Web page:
Corporate Responsibility: ActionAid report blasts food market abuses

Joe Gill

Tesco, Unilever, Nestle and Monsanto are among the food retail and manufacturing giants accused of abusing their dominant position in food markets in a report from ActionAid, published on the eve of the World Economic Forum in the Swiss town of Davos and the World Social Forum in Porto Allegre, Brazil.

ActionAid is calling for changes to the law in the UK to make business directors legally accountable for the impact of their business activities on small farmers and communities in the developing world.

The report, Power Hungry: Stop Corporate Abuse, launched simultaneously in Switzerland and Brazil, points to the domination of the pesticides, grain and food retailing markets by a handful of multinationals. It argues that these companies are using their power to squeeze small producers and workers in developing countries, increasing the gap between the prices paid to producers of commodities such as cocoa and tea, and those paid by consumers in western shops.

Companies are alleged to be violating human rights through practices such as the pollution or siphoning off of water supplies and the use of child labour by suppliers.

The report includes case studies from countries such as India, Brazil and Ivory Coast. Tea prices in southern India fell by 40 per cent between 1998 and 2002; consumer prices in rich countries increased during the same period.

The World Bank estimates the gap between commodity prices and consumer prices could cost commodity-exporting countries more than £50bn a year.

"National laws in many countries are often patchy and unenforced, and transnational companies can move their investments between countries and avoid regulations," says the report.

ActionAid is calling for reforms to the global food market to halt the commodity price crisis and stop the abuse of market power by food transnationals.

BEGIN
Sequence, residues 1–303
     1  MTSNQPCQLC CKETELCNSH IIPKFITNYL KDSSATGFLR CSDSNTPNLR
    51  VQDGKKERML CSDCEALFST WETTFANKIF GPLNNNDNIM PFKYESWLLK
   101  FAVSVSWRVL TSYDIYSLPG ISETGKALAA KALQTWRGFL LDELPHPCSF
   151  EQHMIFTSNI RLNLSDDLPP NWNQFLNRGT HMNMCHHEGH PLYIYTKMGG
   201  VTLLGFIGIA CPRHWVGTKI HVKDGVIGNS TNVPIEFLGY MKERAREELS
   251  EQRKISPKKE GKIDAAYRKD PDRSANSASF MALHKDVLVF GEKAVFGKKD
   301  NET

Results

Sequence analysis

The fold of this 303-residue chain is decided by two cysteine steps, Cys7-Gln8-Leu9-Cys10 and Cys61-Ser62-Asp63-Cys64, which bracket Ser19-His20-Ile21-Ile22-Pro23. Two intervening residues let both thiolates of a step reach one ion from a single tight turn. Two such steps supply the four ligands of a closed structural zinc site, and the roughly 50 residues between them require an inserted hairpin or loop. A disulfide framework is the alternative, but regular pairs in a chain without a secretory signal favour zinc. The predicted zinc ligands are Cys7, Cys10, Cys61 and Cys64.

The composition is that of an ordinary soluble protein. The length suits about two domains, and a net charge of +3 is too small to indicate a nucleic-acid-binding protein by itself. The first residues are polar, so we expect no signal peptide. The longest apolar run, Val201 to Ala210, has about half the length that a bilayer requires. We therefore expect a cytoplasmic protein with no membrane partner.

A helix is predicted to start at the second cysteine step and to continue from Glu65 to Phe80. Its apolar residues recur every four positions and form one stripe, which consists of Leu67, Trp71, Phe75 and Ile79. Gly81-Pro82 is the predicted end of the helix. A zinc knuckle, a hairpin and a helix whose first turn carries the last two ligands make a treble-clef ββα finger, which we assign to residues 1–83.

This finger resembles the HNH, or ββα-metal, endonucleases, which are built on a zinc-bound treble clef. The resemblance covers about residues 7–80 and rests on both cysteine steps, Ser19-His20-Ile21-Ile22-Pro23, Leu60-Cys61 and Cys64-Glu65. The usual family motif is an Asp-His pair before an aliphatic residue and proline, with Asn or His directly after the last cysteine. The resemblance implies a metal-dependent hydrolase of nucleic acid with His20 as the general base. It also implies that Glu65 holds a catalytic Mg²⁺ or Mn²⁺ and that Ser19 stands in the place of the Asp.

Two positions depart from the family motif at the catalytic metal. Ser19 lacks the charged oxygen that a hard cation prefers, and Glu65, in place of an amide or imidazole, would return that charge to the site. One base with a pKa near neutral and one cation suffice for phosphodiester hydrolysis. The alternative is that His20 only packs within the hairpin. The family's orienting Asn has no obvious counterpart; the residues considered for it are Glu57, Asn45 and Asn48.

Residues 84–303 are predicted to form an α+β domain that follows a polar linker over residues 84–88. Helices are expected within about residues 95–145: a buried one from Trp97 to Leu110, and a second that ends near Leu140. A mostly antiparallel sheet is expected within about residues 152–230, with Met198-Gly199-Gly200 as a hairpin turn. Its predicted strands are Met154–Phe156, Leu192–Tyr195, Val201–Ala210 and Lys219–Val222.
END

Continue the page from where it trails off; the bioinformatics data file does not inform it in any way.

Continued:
ActionAid policy officer for corporate accountability Julian Oram said some loss of competitive advantage caused by mandatory reporting and benchmarking of social responsibility was a price worth paying.

"To those who say that introducing laws on mandatory CSR will mean some loss of competitive advantage, we have to ask if we are comfortable with the alternative of letting the situation continue to exist to retain that advantage," he said. "ActionAid would say no."

Oram added that the Government had "unfortunately thus far resisted using law to get companies even to report mandatorily on corporate responsibility. We hope the rise of public sympathy after the tsunami will carry over, and that the Government will listen to this and address the food market issue as part of poverty alleviation".

Among the other companies named in the report are Asda-Walmart, Safeway, Parmalat and Bayer.

Oram said the report aimed to put the food market on the agenda of the G8 and the public. "The purpose is to call for regulation to address the main instruments of power in the global food markets, and to make people aware that we are complicit in this through our shopping habits," he said.

"It is also to show that the Government's approach of voluntary corporate social responsibility is not having the desired effect."

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